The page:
Railway franchising in Great Britain and effects of the 2008/09 economic recession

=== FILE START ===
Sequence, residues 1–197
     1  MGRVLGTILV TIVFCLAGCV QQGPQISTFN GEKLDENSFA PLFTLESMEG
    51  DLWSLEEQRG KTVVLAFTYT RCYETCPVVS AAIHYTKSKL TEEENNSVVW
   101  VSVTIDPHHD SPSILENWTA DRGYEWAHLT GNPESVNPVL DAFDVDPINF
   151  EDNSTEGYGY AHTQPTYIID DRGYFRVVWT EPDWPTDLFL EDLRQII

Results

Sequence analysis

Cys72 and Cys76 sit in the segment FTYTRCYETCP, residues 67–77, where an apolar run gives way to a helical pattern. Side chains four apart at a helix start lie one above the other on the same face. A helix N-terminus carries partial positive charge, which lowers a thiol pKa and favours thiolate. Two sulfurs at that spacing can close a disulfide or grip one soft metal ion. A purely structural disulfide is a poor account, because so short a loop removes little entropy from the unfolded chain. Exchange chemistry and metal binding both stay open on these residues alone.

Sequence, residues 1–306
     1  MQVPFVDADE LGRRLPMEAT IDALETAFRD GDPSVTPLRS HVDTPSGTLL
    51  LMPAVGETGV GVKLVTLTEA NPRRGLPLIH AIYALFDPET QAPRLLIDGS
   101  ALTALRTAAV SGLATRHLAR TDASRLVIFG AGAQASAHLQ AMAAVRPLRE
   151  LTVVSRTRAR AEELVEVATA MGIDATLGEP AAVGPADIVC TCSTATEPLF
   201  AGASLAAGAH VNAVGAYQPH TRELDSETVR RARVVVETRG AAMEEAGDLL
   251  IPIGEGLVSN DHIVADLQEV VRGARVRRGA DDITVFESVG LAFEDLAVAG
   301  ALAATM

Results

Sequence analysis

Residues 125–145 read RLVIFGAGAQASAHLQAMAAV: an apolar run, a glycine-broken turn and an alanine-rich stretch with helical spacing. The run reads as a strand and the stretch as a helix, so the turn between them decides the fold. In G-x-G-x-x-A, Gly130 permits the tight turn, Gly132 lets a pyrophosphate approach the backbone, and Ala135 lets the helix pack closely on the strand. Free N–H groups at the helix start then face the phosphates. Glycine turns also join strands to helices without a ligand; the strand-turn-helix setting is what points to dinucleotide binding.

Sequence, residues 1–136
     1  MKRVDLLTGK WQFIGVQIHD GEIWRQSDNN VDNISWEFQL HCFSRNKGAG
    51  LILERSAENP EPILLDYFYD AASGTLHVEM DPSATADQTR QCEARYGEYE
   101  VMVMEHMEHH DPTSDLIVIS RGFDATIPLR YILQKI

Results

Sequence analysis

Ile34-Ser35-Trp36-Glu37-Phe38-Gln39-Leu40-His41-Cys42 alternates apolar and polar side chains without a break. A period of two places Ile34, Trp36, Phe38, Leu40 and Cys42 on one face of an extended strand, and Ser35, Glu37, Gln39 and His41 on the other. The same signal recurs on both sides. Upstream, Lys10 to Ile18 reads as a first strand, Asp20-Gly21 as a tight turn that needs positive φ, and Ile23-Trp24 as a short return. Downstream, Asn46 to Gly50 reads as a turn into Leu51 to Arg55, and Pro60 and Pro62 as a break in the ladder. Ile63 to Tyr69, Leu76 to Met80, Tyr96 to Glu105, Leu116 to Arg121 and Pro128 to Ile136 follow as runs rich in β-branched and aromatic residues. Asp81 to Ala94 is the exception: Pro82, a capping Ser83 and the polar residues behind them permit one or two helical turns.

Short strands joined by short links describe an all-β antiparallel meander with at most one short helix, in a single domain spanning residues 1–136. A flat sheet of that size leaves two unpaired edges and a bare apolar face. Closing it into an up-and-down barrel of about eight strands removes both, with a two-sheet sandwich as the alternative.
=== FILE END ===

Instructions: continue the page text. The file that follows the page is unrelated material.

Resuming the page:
Since 2008 Britain’s passenger railway franchises have been under twin stresses. Due to economic recession, the growth in passengers and revenues temporarily slowed or reversed whilst franchise agreements require train operators to increase financial commitments from their franchise agreements. At the same time, government was cutting its share of rail revenue budgets. National Express East Coast was unable to meet its franchise commitments and its contract was cancelled. This paper analyses the differing effects of the 2008/09 economic recession on rail usage in each of the London and South East commuter, Long Distance intercity, and Regional franchise sectors and on rail industry finances. The case for longer franchises is considered both as a means of securing more private sector investment in rolling stock, stations, and rail services, and as a mechanism for surviving temporary economic downturns. Keywords: rail privatisation, franchising, economic recession, rail usage, rail investment
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